By Abdullah Al-Qahtani
THE people of Tihama Asir describe themselves as “forgotten villagers” who live far away from civilization. Their development dreams are modest. These include a specialist hospital that serves the dozens of villages in the wadis and foothills of the mountainous region, establishment of schools for the village children, paved roads that connect the villages to the nearby cities and projects that will woo tourists to enjoy the beautiful natural landscape.
Mufrej Yahya Al-Rubaee, a native of the region, said Tihama Asir is one of the tourist hubs in the southern Asir region but it lacks essential basic facilities and services including healthcare.
“We need a specialist hospital to serve the people of Tihama and nearby villages,” said Al-Rubaee while speaking to Okaz/Saudi Gazette.
At present the residents of Tihama have to cross long distances to reach the closest hospitals such as Asir Central Hospital and Darb General Hospital, Al-Rubaee said. “Taking victims of accidents and floods to far-off hospitals would endanger their lives,” he added.
He emphasized that the construction of a new hospital in Tihama would be a big relief for people living in this mountainous region. Services provided by public health centers are not satisfactory as they neither have enough doctors and nurses nor the facilities to take care of patients.
Most public healthcare centers operate only in morning hours and people have to depend on private hospitals and clinics to get treatment. Most people in Tihama are poor who depend on social security payouts to meet their daily expenses and they cannot afford private healthcare.
Tihama villages also lack municipality services and roads. “Motorists have to drive through sandy and rugged roads with the exception of paved roads constructed by individuals. But even these paved roads would not last long due to rains and a lack of maintenance.”
Al-Rubaee referred to the suffering of students commuting to schools by traveling in buses plying on these rugged roads. “This is one of the biggest problems facing the people of Tihama.”
Ali Mohammed Aseeri backed Al-Rubaee and called on the authorities to establish schools in Tihama villages. “At present students and teachers have to travel long distances to reach schools. They travel in buses and taxis crossing dangerous roads,” he added.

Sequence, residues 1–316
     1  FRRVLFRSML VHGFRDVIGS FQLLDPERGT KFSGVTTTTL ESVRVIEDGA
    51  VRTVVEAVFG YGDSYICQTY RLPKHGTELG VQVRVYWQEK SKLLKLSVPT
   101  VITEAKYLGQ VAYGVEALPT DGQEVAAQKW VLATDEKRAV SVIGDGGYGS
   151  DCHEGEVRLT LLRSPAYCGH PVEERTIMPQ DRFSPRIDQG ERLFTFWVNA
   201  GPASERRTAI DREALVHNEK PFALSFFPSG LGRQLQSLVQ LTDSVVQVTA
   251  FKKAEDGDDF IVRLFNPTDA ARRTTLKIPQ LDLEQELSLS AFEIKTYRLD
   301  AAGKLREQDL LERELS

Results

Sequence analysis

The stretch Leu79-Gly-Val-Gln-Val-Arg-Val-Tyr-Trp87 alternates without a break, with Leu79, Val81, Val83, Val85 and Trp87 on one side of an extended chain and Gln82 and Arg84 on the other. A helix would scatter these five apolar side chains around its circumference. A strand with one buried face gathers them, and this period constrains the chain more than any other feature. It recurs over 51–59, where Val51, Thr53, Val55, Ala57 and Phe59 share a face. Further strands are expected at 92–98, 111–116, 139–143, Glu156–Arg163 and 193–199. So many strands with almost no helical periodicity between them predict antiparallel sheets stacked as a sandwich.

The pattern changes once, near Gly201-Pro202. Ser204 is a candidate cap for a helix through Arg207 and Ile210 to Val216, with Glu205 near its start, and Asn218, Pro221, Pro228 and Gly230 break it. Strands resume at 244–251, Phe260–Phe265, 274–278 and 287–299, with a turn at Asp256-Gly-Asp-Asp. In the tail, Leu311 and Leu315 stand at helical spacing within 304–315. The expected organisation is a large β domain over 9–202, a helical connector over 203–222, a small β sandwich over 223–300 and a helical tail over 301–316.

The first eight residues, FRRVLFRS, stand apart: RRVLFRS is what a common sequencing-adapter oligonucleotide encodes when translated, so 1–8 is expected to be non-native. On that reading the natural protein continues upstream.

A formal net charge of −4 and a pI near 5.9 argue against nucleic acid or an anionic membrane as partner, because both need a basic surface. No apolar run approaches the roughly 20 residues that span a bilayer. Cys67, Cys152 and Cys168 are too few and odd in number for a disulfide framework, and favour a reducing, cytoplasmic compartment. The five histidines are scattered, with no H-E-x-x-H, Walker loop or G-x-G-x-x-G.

He criticized the municipality’s poor services in Tihama Asir, which is a highly populated area. Budget allocations for its development in the past have been meager, he pointed out.
Ali Jabir Aseeri highlighted Tihama Asir’s tourism potentials and urged public and private sectors to establish tourism projects. “A lack of services would affect tourism in the region,” he added.
He urged the municipality, the health department, the Saudi Commission for Tourism and National Heritage and the Transport Authority to improve facilities in Tihama Asir to attract more tourists to the region and boost the national economy.
Ahmed Mohammed Abdullah urged the authorities to develop historical sites and tourist resorts in Tihama Asir and its neighboring villages to promote domestic tourism.
“Al-Nadir village is full of heritage homes and their residents have abandoned them long time ago,” he said. “The tourism authority and the local municipality should take steps to conserve them in order to woo tourists to the region.”
Maraee Al-Qahtani, resident of Al-Makr village, said the huge dam in the village attracts a large number of visitors every year. “It’s an attractive place located between two mountains,” he said, adding that businessmen should be given opportunities to carry out tourism investment projects there.
Saad Mubarak Al-Mureef spoke about tourist resorts in Souh and its beautiful valleys. He called for implementation of the disrupted Souh road project. “We expect a large number of tourists to come to Souh to enjoy its natural beauty,” he added.